Snoop Dogg Apologizes To Gayle King For Rant Over Kobe Bryant: ‘Anytime You Mess Up, It’s OK To Fix It’

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Written by Dana Sanchez
Snoop Dogg
Snoop Dogg has apologized for his harsh criticism of CBS News anchor Gayle King over her comments about Kobe Bryant during an interview with Lisa Leslie. Snopp Dogg image: Twitter. Gayle King attends the world premiere of “When They See Us,” at the Apollo Theater, May 20, 2019, in New York. (Photo by Donald Traill/Invision/AP)

Snoop Dogg, a Lakers fan and friend of the late Kobe Bryant, has apologized to CBS News anchor Gayle King for his blistering criticism of her over her interview with former basketball star Lisa Leslie.

“Two wrongs don’t make no right. when you’re wrong, you gotta fix it,” he said in an Instagram post on Wednesday.

“So with that being said, Gayle King, I publicly tore you down by coming at you in a derogatory manner based off of emotions of me being angry at a question you asked. Overreacted,” he said. “I should have handled it way different than that, I was raised way better than that, so I would like to apologize publicly for the language that I used and calling you out your name and just being disrespectful.”

In the interview with WNBA basketball player Lisa Leslie, King brought up Bryant’s 2003 rape charge. The criminal case against Bryant was dropped after his accuser refused to testify, although the woman filed a civil lawsuit which was settled out of court in 2005.

“It’s been said that his legacy is complicated because of a sexual assault charge,” King said to Leslie, who was friends with Bryant. 

“How dare you try to tarnish my boy’s reputation. Respect the family and back off. before we come get you,” Snoop told King in a video that was posted to Twitter.

Snoop was not alone in his criticism. Other critics who accused King of crossing the line included 50 Cent,  LeBron James and Bill Cosby.

But his comments were among the most inflammatory and seen as a threat. Oprah Winfrey, King’s best friend, said that King was “not doing well” and getting death threats because of the interview.

An avalanche of support came in for King. Her defenders included former Obama security advisor Susan Rice, the head of CBS News and award-winning author Ta-Nehisi Coates, who said the Black men who attacked King “should be better”.

“Black men, perhaps more than other men, have some inkling of what it’s like to have a body that can be taken for someone else’s pleasure,” Coates wrote on Instagram. “We did not calmly express our dislike of the question. We were too weak for that. We threatened. We dragged. And we attacked. It’s wrong. We should want more. We should be better.”

Snoop Dogg was also heavily criticized in essays in Black media, including one in The Root that accused him of hating black women, AP reported.

Maiysha Kai deconstructed the explicit misogyny in Snoop’s response to Gayle and the tens of thousands of digital and spiritual co-signs it received,” author Damon Young (“What Doesn’t Kill You Makes You Blacker”) wrote for The Root.

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In Wednesday’s post, Snoop Dogg said he’d had a talk with his mother that set him right. He offered a full apology.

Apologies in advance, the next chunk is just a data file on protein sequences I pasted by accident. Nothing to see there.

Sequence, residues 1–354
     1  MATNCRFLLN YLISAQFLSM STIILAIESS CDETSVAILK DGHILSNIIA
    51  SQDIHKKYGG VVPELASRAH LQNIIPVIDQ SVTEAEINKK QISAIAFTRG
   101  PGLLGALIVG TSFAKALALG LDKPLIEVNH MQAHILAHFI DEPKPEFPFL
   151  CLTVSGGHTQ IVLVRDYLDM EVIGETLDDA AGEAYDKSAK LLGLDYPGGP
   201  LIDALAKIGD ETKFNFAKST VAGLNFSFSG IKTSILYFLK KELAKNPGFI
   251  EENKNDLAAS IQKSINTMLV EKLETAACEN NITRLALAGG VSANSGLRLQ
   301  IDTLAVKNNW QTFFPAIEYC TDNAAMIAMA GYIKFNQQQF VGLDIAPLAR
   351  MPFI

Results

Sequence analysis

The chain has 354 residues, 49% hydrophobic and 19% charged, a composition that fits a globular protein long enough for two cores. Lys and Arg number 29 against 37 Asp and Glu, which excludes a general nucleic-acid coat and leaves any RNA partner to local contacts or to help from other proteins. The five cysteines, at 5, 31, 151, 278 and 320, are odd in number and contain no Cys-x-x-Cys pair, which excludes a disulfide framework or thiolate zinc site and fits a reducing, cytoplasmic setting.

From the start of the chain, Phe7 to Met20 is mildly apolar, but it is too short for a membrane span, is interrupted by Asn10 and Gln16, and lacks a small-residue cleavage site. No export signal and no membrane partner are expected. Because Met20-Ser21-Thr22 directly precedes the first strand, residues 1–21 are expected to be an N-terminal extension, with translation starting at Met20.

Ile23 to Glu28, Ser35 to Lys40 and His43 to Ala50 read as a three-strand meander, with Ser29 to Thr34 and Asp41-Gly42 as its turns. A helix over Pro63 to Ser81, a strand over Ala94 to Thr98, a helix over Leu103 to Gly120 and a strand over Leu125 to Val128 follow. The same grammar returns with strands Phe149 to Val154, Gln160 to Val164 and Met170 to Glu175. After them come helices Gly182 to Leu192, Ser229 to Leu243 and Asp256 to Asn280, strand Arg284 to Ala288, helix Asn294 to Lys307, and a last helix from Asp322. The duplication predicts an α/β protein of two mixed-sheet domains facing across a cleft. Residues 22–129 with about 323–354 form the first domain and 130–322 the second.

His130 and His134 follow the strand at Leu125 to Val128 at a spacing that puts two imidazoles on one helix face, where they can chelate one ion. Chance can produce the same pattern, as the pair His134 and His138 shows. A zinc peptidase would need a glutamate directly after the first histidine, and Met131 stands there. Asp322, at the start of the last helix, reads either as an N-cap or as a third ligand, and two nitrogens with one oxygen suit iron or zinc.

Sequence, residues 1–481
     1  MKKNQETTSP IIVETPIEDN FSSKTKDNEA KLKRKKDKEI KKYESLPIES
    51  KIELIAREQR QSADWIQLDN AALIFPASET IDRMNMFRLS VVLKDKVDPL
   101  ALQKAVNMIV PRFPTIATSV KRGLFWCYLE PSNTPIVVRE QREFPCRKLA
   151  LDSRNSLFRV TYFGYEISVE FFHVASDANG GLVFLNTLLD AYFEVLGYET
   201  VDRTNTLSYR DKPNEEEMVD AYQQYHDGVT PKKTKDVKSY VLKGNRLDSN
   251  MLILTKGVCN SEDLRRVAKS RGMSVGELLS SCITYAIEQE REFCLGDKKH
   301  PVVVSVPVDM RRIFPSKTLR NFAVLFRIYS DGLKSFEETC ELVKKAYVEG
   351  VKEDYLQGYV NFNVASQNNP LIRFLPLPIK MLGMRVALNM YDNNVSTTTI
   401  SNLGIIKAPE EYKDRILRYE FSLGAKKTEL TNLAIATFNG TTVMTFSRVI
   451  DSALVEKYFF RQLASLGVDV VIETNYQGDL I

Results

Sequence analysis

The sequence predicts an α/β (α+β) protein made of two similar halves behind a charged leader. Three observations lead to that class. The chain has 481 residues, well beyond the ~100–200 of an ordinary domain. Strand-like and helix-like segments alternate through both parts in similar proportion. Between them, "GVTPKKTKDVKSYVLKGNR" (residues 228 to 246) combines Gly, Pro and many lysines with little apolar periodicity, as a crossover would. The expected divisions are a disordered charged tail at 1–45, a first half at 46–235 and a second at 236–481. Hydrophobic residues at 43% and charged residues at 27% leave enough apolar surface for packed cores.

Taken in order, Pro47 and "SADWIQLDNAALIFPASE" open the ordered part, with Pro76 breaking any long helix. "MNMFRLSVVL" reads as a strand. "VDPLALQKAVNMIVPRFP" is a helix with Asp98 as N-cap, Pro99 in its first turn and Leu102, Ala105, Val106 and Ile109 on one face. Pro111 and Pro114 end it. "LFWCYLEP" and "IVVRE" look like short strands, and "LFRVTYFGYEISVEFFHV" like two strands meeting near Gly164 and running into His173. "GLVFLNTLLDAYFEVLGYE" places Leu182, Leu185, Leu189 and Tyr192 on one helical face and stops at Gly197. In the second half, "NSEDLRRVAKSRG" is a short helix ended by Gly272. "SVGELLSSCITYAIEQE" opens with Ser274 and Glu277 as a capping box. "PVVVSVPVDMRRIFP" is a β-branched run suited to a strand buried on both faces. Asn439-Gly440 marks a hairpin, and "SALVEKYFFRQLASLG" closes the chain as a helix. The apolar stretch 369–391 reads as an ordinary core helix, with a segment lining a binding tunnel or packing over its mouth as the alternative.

“I didn’t mean for it to be like that. I was just expressing myself for a friend that wasn’t there to defend himself,” he said.

He also said that he knows he is seen as a role model.

“Anytime you mess up, it’s OK to fix it, it’s OK to man up to say that you’re wrong,” he said. “I apologize. hopefully we can sit down and talk, privately.”

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When I first met @gayleking she was hurrying off set and into the green room with a copy of my book. Post-its were poking out of the pages. Pages were dog-eared. I seem to remember her having questions scrawled on yellow legal paper. This was impressive. You’d be surprised how many interviewers are just master bullshit artists. Not Gayle. She reads. She studies. She prepares. I’ve benefited from Gayle’s preparation multiple times since that first interview. I’m trying to think of another journalist more instrumental in whatever awareness people have of my work, and I can’t. I say this as a black writer. I say this as a black man. It is perhaps naive to expect black men to be better—oppression is always demeaning and rarely ennobling. But black men, perhaps more than other men, have some inkling of what it’s like to have a body that can be taken for someone else’s pleasure. Indeed, we know more than we want to say, because if we ever said it all we might never stop crying. Maybe that really is the root of this. It’s certainly not about “protecting” anyone’s memory or their families. Men who want to hurt have been using the language of “protection” all my life. It’s certainly isn’t about Weinstein. Only a fool tolerates serial killing because Ted Bundy was once a neighbor. Whatever it’s about, there’s really no way to be neutral here. Gayle King dared speak of a man as though he were one, and a lot of us fucking lost it. We did not calmly express our dislike of the question. We were too weak for that. We threatened. We dragged. And we attacked. A friend, watching all this said, “damn, Gayle has a son.” To which I could only respond, “these dudes have sons too.” And this is what we’re teaching them. It’s wrong. We should want more. We should be better.

A post shared by Ta-Nehisi Coates (@tanehisipcoates) on